01 December 2008

Rhesus macaque at Rishikesh

Rhesus macaque
In her comment on the photo of the Tibetan wolf, RR mentioned how she'd tried to avoid anthropomorphism. It can be difficult with dogs, but it's hardest of all with monkeys.

All content © 2008 Pete McGregor


Emma said...

Quite right -- case in point, this page loaded and my son immediately went into paroxysms of laughter, saying, "Hi, monkey! What are you doing in the computer?"

pohanginapete said...

Emma, that's brilliant! It's made my day :^D

lesley said...

And I looked and thought, "What a wonderful curl to the sideburns."

Relatively Retiring said...

Without the faintest hint of anthropomorphism that somewhat jaded look says, 'Yeah, whatever....'

Zhoen said...

Feels less like anthropomorphism than just not trying to draw a line separating us from "animals" as though we were not any relation to them, not part of them. Clearly, we are, and we share their emotions.

Anne-Marie said...

Great photo ... but this image makes me feel uneasy. There's some thing about the macaque's eyes and the expression in them that gives me the creeps. He's almost TOO human.

Why that should make me feel uneasy, I'm not sure.

pohanginapete said...

Lesley, I'm sure the (human) locals recognise many of these monkeys by characteristic features like the sideburns. I was there for only a few days and had begun to recognise some individuals.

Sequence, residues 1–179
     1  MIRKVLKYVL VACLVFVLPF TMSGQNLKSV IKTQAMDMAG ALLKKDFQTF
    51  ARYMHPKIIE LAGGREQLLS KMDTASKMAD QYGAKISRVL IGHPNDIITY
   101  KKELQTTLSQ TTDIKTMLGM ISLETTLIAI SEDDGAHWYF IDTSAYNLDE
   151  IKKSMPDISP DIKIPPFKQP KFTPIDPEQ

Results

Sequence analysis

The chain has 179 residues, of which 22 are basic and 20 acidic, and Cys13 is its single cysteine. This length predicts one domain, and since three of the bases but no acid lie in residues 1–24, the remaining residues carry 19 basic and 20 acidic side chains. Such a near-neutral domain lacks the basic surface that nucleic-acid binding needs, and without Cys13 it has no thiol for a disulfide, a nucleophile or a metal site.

RR, that look has so many possible meanings I wouldn't even begin to guess.

Zhoen, yes, I'm sceptical of the pseudo-objective attitude that refuses to credit animals with any kind of emotions similar to humans. It's useful as a caution not to jump to conclusions, but as we learn more about animals, it becomes harder to defend the extreme anti-anthropomorphic position. Anyone with a cat knows that ;^)

Anne-Marie, you'd be right to feel uneasy around some of these monkeys. I never had problems, but in some places — mostly those frequented by large numbers of tourists — they can be aggressive. A bite from one, apart from being unpleasant, would require a series of rabies shots, even if you're pre-vaccinated.
I will point out that for most animals, a direct gaze is a threat. I'd have felt more apprehensive if this guy had been staring directly at me (although I was at a reasonable distance — big lenses, although a pain to lug around, have definite benefits).